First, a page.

Keeping these in order, and noting that Herbert used a combination of liturgy and church architecture to structure the poems.
Any poet who can manage to make predestination scan is a master: the archaicism “spittle” means a hostel or respite for the ill and infirm.
OH King of grief! (a title strange, yet true,
To thee of all kings onely due)
Oh King of wounds! how shall I grieve for thee,
Who in all grief preventest me?
Shall I weep bloud? why, thou hast wept such store
That all thy body was one doore.
Shall I be scourged, floutted, boxed, sold?
’Tis but to tell the tale is told.
My God, my God, why dost thou part from me?
Was such a grief as cannot be.
Shall I then sing, skipping thy doleful storie,
And side with thy triumphant glorie?
Shall thy stokes be my stroking? thorns, my flower?
Thy rod, my posie? crosse, my bower?
But how then shall I imitate thee, and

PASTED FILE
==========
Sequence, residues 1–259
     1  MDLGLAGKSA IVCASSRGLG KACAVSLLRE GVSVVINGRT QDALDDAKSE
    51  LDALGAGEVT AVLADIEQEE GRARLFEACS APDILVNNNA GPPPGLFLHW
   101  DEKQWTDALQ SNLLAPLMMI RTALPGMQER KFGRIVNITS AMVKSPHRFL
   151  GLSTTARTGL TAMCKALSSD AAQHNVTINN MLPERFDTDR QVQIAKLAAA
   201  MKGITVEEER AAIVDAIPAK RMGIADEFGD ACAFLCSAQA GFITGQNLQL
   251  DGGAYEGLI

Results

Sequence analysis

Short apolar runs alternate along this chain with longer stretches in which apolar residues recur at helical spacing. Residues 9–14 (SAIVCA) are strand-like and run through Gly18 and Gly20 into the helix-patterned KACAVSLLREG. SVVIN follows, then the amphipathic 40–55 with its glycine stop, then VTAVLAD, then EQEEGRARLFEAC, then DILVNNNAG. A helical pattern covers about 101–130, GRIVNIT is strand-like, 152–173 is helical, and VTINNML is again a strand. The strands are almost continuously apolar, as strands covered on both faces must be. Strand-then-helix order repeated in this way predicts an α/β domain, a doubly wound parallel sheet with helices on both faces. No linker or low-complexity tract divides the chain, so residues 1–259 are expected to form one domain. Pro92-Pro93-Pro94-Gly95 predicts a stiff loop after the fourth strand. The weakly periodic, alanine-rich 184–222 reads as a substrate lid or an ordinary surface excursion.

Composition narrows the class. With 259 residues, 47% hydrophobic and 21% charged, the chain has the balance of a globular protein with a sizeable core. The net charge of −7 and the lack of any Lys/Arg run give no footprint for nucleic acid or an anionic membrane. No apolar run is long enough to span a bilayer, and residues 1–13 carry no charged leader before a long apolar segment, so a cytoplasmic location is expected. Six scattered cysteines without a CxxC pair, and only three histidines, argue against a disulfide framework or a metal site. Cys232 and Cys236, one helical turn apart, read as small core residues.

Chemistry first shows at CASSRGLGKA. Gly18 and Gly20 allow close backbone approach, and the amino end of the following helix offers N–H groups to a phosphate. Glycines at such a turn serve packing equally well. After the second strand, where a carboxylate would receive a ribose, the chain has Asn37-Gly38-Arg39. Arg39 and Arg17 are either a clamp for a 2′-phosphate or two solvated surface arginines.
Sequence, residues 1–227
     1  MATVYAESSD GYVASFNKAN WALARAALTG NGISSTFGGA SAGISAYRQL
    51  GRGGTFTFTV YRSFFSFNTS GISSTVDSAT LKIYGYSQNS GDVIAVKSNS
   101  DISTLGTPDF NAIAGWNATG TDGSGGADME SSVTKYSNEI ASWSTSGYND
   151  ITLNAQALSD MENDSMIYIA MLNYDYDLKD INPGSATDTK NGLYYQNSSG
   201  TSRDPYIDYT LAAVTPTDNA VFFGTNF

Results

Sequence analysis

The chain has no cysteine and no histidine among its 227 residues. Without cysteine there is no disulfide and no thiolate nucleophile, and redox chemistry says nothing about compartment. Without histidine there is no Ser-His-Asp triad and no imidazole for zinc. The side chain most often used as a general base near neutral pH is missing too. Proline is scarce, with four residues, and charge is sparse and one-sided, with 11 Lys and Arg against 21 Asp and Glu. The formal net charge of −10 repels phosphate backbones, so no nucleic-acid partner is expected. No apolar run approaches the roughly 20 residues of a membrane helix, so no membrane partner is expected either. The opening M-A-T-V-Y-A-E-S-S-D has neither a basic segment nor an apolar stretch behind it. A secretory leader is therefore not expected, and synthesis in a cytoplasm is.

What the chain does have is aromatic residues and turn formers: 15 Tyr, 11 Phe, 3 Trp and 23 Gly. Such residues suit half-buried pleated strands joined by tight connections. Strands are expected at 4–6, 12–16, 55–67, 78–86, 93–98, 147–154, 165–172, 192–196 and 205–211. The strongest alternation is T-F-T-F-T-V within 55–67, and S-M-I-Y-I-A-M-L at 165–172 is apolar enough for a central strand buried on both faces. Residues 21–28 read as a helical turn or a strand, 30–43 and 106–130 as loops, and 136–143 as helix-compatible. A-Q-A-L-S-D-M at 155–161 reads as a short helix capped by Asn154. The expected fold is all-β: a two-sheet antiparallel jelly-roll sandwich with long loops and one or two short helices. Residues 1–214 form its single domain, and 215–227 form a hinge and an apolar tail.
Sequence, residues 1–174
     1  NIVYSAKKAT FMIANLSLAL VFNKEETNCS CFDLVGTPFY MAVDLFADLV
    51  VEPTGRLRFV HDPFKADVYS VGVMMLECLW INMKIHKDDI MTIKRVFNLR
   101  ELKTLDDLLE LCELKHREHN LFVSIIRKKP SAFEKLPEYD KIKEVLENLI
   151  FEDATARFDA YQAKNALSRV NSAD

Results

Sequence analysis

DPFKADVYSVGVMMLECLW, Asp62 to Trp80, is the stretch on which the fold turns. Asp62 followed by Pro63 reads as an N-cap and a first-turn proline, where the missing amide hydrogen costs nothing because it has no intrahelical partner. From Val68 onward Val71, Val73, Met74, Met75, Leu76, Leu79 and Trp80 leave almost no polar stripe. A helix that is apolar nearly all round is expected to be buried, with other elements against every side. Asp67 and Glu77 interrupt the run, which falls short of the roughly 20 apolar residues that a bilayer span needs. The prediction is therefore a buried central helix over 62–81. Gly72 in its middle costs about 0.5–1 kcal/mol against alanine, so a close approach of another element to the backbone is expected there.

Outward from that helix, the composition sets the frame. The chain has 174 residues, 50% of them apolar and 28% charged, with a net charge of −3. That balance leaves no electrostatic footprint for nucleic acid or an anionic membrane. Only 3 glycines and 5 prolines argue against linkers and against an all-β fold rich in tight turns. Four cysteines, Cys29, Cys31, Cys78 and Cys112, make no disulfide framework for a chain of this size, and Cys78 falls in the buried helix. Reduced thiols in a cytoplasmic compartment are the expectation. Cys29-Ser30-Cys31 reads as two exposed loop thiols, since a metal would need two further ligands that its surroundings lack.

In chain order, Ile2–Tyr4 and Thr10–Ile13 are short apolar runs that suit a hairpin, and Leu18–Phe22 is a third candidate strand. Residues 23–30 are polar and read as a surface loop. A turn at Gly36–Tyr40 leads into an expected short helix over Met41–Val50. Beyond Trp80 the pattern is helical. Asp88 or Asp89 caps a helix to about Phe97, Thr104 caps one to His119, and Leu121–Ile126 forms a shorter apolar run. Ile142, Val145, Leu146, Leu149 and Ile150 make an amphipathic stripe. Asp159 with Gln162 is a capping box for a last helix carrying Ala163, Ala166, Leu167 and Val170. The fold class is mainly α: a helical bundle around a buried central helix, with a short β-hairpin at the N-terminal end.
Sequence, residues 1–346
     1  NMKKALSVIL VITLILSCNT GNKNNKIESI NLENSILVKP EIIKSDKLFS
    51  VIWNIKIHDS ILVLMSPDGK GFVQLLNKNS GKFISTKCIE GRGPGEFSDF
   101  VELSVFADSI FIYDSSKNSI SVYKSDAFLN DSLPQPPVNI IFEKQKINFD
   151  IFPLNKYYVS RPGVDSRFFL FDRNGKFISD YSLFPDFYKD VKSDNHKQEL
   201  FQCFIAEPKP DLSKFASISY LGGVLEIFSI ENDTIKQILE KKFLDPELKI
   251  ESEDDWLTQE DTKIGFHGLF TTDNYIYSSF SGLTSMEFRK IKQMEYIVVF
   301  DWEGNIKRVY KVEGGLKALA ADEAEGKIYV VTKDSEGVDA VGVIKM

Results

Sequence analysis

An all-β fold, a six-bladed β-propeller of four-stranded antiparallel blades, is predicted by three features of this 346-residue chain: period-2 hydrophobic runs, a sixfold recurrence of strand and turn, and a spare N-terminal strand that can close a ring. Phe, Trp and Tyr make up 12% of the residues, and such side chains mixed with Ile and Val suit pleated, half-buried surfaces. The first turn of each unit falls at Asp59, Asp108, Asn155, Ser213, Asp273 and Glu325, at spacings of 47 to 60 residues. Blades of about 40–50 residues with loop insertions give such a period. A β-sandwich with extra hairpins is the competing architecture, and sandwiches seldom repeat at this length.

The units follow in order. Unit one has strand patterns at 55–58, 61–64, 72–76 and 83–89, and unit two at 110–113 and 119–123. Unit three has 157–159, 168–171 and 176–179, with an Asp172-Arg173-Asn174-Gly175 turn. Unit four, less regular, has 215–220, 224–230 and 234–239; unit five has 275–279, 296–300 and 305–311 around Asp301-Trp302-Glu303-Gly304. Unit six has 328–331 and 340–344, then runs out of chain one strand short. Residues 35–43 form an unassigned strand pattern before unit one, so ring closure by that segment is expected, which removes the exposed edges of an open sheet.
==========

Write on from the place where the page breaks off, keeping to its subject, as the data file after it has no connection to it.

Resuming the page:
Copie thy fair, though bloudie hand?
Surely I will revenge me on thy love,
And trie who shall victorious prove.
If thou dost give me wealth, I will restore
All back unto thee by the poore.
If thou dost give me honour, men shall see,
The honour doth belong to thee.
I will not marry; or, if she be mine,
She and her children shall be thine.
My bosome friend, if he blaspheme thy Name,
I will tear thence his love and fame.
One half of me being gone, the rest I give
Unto some Chappell, die or live.
As for thy passion–But of that anon,
When with the other I have done.
For thy predestination I’le contrive,
That three yeares hence, if I survive,
I’le build a spittle, or mend common wayes,
And mend mine own without delayes.
Then I will use the works of thy creation,
As if I us’d them but for fashion.
The world and I will quarrell; and the yeare
Shall not perceive, that I am here.
My musick shall finde thee, and ev’ry string
Shall have his attribute to sing;
That all together may accord in thee,
And prove one God, one harmonie.
If thou shalt give me wit, it shall appeare,
If thou hast give’n it me, ’tis here.
Nay, I will reade thy book, and never move
Till I have found therein thy love,
Thy art of love, which I’le turn back on thee:
O my deare Saviour, Victorie!
Then for thy passion—I will do for that—
Alas, my God, I know not what.
George Herbert, 1633